Not for nothing did Ingmar Bergman, Swede of the Silver Screen, direct the movie "Wild Stawberries," wherein an old man recaptures youth. Nor did whimsy make Bogart's Captain Queeg, in "The Caine Mutiny," go bananas when his strawberries fled the gallery.

There's something to this bite-sized wonder, as ephemeral as the season in which it grows, that works on human psyche. It may have something to do with how folks remember their childhoods.

"I grew up in a township called Springfield in Vermont," George Darrow says, "and our mother always used to take us kids out to pick strawberries in the meadows. We just naturally loved to eat strawberries. I suppose I've been interested in them ever since."

Now that strawberry season's come, you can hardly do better for sheer delight -- or Delite, as one strain has it -- than get outdoors and pick your own. As spring turns to summer, and summer fall, you'll also be able to pluck everything from cherries to apples -- or spinach to pumpkins -- at pick-your-own farms in the area. And as you do, you might give a thought to the good Dr. Darrow, now of Glenn Dale, Maryland.

Though he's an important bit of history, you've probably never heard of him. At 92, he's grand old man of the American strawberry industry, a peerless plant physiologist and, from 1913 to 1957, the prime mover of small fruit research for the U.S. Department of Agriculture.

"If it weren't for him," says Glenn Stadelbacher, an agricultural consultant about town, "there wouldn't be an American strawberry industry." At which Darrow bridles, "I wouldn't say that. There would still be strawberries in this country. We like them -- too well."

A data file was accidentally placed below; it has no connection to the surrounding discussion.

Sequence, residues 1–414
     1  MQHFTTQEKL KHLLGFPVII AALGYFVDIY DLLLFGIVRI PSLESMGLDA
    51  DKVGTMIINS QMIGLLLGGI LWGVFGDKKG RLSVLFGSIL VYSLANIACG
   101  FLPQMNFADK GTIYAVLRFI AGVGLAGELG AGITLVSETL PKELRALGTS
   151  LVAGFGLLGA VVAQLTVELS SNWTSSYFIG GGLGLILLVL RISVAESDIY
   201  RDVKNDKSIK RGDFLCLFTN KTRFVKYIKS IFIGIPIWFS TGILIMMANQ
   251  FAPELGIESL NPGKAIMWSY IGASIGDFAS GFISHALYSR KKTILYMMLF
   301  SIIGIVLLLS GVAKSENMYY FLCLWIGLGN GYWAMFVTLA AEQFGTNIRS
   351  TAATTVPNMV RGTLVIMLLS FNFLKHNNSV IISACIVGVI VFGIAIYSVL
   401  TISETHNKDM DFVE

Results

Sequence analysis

Darrow, whose name graces its own breed of berries, should know. He's fought a lifetime against root rot, leaf scorch, wilt, aphids and mites so that no bowl of sweet cream would ever be boring. "One of the great strawberry experts of the world," his late chum Henry Wallace, Franklin D. Roosevelt's agriculture secretary and onetime vice president, once called him. "Uncle George," meanwhile, is how they still refer to him at the U.S.D.A. laboratory in Beltsville.

A 1910 graduate from Vermont's Middlebury College, where a botany professor quickly recognized his talents, Darrow juggled his job at the agriculture department with advanced work at Cornell and Johns Hopkins, where he got his doctorate in strawberry physiology in 1927. He even pursued horticulture in the Army of World War I, when he was stationed at Fort McPherson, near Atlanta. "I was interested at the time in breeding a new blackberry, but it didn't amount to much," says Darrow, who later went on to advance blackberry breeding as well. "Someone very kindly had lent me his greenhouse. In the meantime, I went into the Army a hospital sergeant and I came out a hospital sergeant."

Criss-crossing the countryside from Oregon to Florida as he crossed different berries in the lab, he became, among other things, an innovator in fruit shipping and handling, a strawberry breeder without equal -- one of this creations, Fairfax, is still going strong in Japan, while another, Blakemore, is a popular dessert berry in the South -- a field marshal in the war against soil virus, and an evangelist for better fruit in general. He also authored countless farmers' bulletins and textbooks -- his private papers are collected at the Department of Agriculture's National Library in Beltsville -- and still dispenses advice.

Benoni Allnutt V, a grower for the last two years, made a point of seeing Darrow before he started up his strawberry operation at the Homestead Farm in Poolesville, Maryland. "For me," says Allnutt, 29, who brought Darrow a blueberry pie for the occasion, "it was like paying a visit to Louis Pasteur. He came in from hoeing in his day-lily patch -- he's a tremendous breeder of day-lilies, too -- and we just sat down and talked for an hour an a half. He told me things about strawberries I had never even imagined; he really opened up some new ground for me. When I left, I was charged up, for sure."